FIG. 7 illustrates the raster memory configuration and the addressing interface to each memory unit. The address bus of the microprocessor is coupled to chips U91,U95 and U96 which are connected such that a corresponding output is coupled through series coupled resistors R90a-R90h and R11. The address bus RA0-RA8 is coupled to each memory unit comprises of dynamic random access memories U50, U53, U56, U63, U69, U76, U79, U85, U03, U06, U13, U20, U27, U30, U36, and U43. Each memory unit is connected to a different line of the RD data bus. For example, U85 is connected to receive the bits appearing on the RD0 data bus line. In addition each memory unit is also coupled by a write enable signal, from the write enable stage of the alignment unit. For example, memory unit U85 is coupled to the write enable signal WE0 which is correspondingly generated in the write enable stage in response to the data bit on the RD0 line. Each memory unit stores in sequential memory locations the same bit position within sequenced data words. When the same address is presented to all memory units, a complete 16 bit word is generated and provided to a buffer stage comprised of buffers U8 and U15. The word output from the buffer stage is a full 16 bit word corresponding to the rotated composite second oriented data word that was previously stored in that bit position for that memory unit.
TABLE A______________________________________PROGRAM EQUATIONS FOR PROGRAMMABLE ARRAYLOGIC COARSE ROTATION (001)______________________________________CD0 = /OFF3 * /OFF2 * MD0 + /OFF3 * OFF2 * MD4 + OFF3 * /OFF2 * MD8 + OFF3 * OFF2 * MD12CD4 = /OFF3 * /OFF2 * MD4 + /OFF3 * OFF2 * MD8 + OFF3 * /OFF2 * MD12 + OFF3 * OFF2 * MD0CD8 = /OFF3 * /OFF2 * MD8 + /OFF3 * OFF2 * MD12 + OFF3 * /OFF2 * MD0 + OFF3 * OFF2 * MD4CD12 = /OFF3 * /OFF2 * MD12 + /OFF3 * OFF2 * MD0 + OFF3 * /OFF2 * MD4 + OFF3 * OFF2 * MD8CD1 = /OFF3 * /OFF2 * MD1 + /OFF3 * /OFF2 * MD5 + OFF3 * /OFF2 * MD9 + OFF3 * OFF2 * MD13CD5 = /OFF3 * /OFF2 * MD5 + /OFF3 * OFF2 * MD9 + OFF3 * /OFF2 * MD13 + OFF3 * OFF2 * MD1CD9 = /OFF3 * /OFF2 * MD9 + /OFF3 * OFF2 * MD13 + OFF3 * /OFF2 * MD1 + OFF3 * OFF2 * MD5CD13 = /OFF3 * /OFF2 * MD13 + /OFF3 * OFF2 * MD1 + OFF3 * /OFF2 * MD5 + OFF3 * OFF2 * MD9______________________________________ Copyright© 1984 All rights reserved Office Automation Systems, Inc.
TABLE B______________________________________PROGRAM EQUATIONS FOR PROGRAMMABLE ARRAYLOGIC FINE ROTATION (002)______________________________________RD0 = /OFF1 * /OFF0 * CD0 + /OFF1 * OFF0 * CD1 + OFF1 * /OFF0 * CD2 + OFF1 * OFF0 * CD3RD1 = /OFF1 * /OFF0 * CD1 + /OFF1 * OFF0 * CD2 + OFF1 * /OFF0 * CD3 + OFF1 * OFF0 * CD4RD2 = /OFF1 * /OFF0 * CD2 + /OFF1 * OFF0 * CD3 + OFF1 * /OFF0 * CD4 + OFF1 * OFF0 * CD5RD3 = /OFF1 * /OFF0 * CD3 + /OFF1 * OFF0 * CD4 + OFF1 * /OFF0 * CD5 + OFF1 * OFF0 * CD6RD4 = /OFF1 * /OFF0 * CD4 + /OFF1 * OFF0 * CD5 + OFF1 * /OFF0 * CD6 + OFF1 * OFF0 * CD7RD5 = /OFF1 * /OFF0 * CD5 + /OFF1 * OFF0 * CD6 + OFF1 * /OFF0 * CD7 + OFF1 * OFF0 * CD8______________________________________ Copyright© 1984 All rights reserved Office Automation Systems, Inc.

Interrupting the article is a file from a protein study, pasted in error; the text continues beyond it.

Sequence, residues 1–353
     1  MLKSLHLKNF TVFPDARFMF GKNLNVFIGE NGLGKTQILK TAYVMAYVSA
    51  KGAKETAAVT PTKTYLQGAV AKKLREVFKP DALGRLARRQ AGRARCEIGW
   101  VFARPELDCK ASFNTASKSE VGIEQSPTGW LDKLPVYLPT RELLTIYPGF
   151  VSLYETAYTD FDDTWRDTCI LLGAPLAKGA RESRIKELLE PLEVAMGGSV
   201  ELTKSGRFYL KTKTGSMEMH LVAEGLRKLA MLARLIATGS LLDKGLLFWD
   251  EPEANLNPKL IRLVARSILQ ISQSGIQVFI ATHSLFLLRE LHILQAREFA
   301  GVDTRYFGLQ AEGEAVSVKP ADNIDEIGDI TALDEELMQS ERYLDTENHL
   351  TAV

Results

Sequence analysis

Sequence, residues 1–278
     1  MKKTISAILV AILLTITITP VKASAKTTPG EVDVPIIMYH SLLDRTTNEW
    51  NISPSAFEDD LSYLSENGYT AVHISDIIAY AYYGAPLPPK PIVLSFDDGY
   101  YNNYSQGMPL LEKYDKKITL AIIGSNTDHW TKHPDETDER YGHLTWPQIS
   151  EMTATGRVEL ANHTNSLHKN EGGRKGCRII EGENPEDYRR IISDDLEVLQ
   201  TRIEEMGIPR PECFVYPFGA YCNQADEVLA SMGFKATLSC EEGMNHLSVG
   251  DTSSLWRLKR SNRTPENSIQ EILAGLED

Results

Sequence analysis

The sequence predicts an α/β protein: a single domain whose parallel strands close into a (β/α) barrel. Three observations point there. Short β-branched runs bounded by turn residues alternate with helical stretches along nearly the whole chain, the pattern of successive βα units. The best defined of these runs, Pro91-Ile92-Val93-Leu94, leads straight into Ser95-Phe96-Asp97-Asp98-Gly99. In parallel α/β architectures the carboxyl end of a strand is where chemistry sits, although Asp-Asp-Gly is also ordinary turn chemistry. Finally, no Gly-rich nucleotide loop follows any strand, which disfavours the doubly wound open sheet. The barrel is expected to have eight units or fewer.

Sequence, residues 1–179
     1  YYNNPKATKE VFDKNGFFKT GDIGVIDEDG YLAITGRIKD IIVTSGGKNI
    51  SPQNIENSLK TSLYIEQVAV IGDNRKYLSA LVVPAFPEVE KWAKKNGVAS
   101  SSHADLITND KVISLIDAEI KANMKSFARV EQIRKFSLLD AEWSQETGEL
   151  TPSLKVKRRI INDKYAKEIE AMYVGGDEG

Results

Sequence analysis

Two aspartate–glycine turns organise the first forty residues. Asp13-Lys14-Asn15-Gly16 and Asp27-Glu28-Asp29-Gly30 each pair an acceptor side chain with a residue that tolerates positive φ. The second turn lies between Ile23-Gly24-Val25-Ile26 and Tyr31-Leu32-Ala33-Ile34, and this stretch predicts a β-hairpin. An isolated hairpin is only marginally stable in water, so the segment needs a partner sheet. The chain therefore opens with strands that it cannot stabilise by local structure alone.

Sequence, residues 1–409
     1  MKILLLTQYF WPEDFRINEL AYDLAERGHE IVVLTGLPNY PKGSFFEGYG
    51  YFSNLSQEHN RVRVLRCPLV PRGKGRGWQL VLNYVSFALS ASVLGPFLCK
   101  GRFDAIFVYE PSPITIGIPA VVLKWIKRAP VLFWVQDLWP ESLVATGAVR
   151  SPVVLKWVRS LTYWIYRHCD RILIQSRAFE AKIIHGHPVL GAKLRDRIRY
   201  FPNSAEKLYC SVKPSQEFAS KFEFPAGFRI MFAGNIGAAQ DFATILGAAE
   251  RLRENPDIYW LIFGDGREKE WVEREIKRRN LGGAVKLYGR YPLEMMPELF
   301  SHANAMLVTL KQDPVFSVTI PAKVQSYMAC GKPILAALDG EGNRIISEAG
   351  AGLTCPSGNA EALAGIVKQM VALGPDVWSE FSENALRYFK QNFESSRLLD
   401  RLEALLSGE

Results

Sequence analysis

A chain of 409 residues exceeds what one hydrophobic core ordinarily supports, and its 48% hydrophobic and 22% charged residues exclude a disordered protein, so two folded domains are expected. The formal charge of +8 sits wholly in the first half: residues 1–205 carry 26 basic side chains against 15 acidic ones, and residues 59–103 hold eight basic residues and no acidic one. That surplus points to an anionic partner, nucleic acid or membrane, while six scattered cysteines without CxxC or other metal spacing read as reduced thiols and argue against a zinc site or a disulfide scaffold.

TABLE C__________________________________________________________________________PROGRAM EQUATIONS FOR PROGRAMMABLE ARRAY LOGICCUT AND PASTE BITS 12-15 (003)__________________________________________________________________________MD15 = ZFCE * /OFF3 * /OFF2 * /OFF1 * /OFF0 * NEW15 : < 1 NEW + ZFCE * OFF3 * OLD15 : >= 1 OLD + ZFCE * /OFF3 * OFF2 * OLD15 + ZFCE * /OFF3 * /OFF2 * OFF1 * OLD15 + ZFCE * /OFF3 * /OFF2 * /OFF1 * OFF0 * OLD15MD14 = ZFCE * /OFF3 * /OFF2 * /OFF1 * NEW14 : < 2 NEW + ZFCE * OFF3 * OLD14 : >= 2 OLD + ZFCE * /OFF3 * OFF2 * OLD14 + ZFCE * /OFF3 * /OFF2 * OFF1 * OLD14MD13 = ZFCE * /OFF3 * /OFF2 * /OFF1 * NEW13 : < 3 NEW + ZFCE * /OFF3 * /OFF2 * OFF1 * /OFF0 * NEW13 + ZFCE * OFF3 * OLD13 : >= 3 OLD + ZFCE * /OFF3 * OFF2 * OLD13 + ZFCE * /OFF3 * /OFF2 * OFF1 * OFF0 * OLD13MD12 = ZFCE * /OFF3 * /OFF2 * NEW12 : < 4 NEW + ZFCE * OFF3 * OLD12 : >= 4 OLD + ZFCE * /OFF3 * OFF2 * OLD12NC = VCC__________________________________________________________________________ Copyright © 1984 All rights reserved Office Automation Systems, Inc.